The FCC conducted 25,000 tests in twelve states to verify the coverage maps of Verizon, T-Mobile, and US Cellular. The majority of tests were done in Arizona, New Mexico, Oklahoma, Vermont, Alabama and Montana. Speeds were tested from both stationary locations and in a moving vehicle. AT&T and Sprint weren’t tested because the maps they provided to the FCC showed only the combined upload and download speeds – something that is meaningless to test. The other three carriers reported what they claimed were actual upload and download speeds, shown separately.
The FCC undertook the testing in response to numerous complaints filed in the FCC’s docket for the Mobility Fund Phase II grants. The intention of this fund was to improve 4G coverage in rural areas with little or no cellular coverage. Smaller cellular carriers and the public complained to the FCC that the cellular data coverage claimed by the large cellular carriers was overstated. Small cellular carriers worried that the overstatements would stop them from asking for funding for areas that need upgrading. Local governments were worried that the overstated coverage meant that their areas wouldn’t see upgrades and they’d be doomed for another decade with poor cellular coverage.
The tests were conducted in areas where the carrier maps showed cellular data coverage. The results of the testing were rather bleak. 16% of all calls tried on Verizon were unable to make a data connection. The failures to connect were 23% on T-Mobile and 38% on US Cellular.
Overall, the three carriers met the FCC’s minimum requirement of 5 Mbps download for 4G only 62% of the time. That was 64% on Verizon, 63% on T-Mobile and only 45% for US Cellular. However, even within those reported results, the testers said that they experienced intermittent dropped calls on all three networks.
The FCC responded to these tests by revamping the reporting of cellular data speeds in the future, asking for far more granular speed data by location. The FCC also convened a group of experts to recommend to the FCC how to better test cellular speeds. Finally, the FCC issued an Enforcement Advisory on the accuracy of the cellular data on form 477. That’s a step short of issuing fines and likely will have little impact on the carriers. It doesn’t appear that any of them have pared back their national coverage maps that still claim coverage across most of rural America.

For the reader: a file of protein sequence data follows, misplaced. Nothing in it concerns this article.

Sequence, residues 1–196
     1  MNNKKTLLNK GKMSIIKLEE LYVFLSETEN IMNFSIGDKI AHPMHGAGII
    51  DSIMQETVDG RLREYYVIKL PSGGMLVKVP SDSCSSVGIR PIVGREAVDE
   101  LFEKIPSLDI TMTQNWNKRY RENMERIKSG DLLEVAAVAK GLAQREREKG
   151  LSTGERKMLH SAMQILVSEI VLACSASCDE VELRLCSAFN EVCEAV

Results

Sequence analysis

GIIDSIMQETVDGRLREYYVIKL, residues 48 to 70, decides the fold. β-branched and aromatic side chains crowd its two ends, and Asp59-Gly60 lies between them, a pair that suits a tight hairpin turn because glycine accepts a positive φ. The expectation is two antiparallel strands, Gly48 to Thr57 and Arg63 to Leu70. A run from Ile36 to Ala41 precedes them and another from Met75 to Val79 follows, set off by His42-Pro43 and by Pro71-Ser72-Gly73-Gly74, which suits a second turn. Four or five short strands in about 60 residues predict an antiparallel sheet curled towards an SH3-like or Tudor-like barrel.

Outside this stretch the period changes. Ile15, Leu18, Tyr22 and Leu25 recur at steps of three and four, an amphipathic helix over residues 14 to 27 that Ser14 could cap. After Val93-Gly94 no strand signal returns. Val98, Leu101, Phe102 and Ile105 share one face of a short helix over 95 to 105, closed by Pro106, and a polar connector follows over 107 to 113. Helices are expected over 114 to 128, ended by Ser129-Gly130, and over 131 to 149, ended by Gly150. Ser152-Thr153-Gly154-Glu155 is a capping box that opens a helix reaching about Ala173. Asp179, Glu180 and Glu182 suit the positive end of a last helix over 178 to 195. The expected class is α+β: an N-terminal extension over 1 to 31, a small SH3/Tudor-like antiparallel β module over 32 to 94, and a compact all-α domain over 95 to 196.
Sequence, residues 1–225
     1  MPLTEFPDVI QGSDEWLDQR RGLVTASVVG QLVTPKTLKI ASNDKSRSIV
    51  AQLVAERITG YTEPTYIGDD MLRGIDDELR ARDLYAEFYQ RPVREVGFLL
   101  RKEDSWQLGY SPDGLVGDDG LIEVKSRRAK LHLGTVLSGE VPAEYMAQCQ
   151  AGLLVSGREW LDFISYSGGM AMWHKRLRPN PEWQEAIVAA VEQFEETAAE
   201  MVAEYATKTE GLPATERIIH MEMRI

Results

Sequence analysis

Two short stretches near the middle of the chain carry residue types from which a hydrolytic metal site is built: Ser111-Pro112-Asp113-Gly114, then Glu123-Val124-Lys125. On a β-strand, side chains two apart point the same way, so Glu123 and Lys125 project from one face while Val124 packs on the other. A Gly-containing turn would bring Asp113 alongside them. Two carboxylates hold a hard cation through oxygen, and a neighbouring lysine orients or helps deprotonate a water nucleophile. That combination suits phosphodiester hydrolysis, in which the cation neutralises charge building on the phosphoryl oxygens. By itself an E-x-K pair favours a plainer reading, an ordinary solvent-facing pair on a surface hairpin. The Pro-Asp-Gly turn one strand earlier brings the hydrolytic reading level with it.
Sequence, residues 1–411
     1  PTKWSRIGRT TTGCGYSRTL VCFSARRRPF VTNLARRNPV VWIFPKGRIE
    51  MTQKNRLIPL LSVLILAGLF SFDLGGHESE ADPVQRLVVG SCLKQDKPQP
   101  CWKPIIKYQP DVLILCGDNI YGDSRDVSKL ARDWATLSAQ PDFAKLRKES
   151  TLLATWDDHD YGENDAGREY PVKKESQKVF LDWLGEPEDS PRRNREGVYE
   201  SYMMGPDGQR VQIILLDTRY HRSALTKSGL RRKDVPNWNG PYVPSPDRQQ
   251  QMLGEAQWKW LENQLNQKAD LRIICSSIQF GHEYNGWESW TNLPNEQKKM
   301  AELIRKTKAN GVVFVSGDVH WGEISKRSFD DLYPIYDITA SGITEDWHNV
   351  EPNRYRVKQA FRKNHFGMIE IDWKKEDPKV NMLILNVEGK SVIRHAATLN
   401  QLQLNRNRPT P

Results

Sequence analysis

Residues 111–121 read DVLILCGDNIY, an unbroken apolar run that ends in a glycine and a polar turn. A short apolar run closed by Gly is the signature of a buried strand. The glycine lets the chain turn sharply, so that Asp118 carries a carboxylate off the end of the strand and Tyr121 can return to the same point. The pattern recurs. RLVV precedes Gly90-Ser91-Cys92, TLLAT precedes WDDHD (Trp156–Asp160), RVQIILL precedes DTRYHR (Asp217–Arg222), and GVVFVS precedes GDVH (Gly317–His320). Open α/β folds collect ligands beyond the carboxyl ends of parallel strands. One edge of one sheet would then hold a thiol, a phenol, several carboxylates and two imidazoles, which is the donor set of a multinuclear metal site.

There are significant real-life implications of overstated cellular coverage maps. Just like with the RDOF grant program that will rely on faulty maps of landline broadband, poor maps of cellular coverage mean that many areas with overstated cellular coverage won’t be eligible for federal grants to help fix the problem.
The big downside is that many rural households have no 4G LTE coverage, or at best have slow and intermittent 4G data available. These are often the same areas where landline broadband is slow or non-existent. As hard as it is to live without good cellular coverage or good landline broadband, homes without both are cut off from the rest of the world. To make matters worse, there is still 3G coverage in a lot of rural America and all of the carrirs have plans to cut that dead over the next few years.
The FCC has revamped the Mobility Fund II grant program by doubling the amount of funding to $9 billion and renaming it as the 5G Fund. That’s a silly name because the goal of the program is to bring at least minimal 4G coverage to rural areas, not 5G. Remember that the grant program was originally aimed only at areas that showed no coverage by the carriers. Ideally the FCC would also direct funding to the many areas where the carriers were lying about their coverage – but It’s doubtful that they have any meaningful maps of real 4G coverage.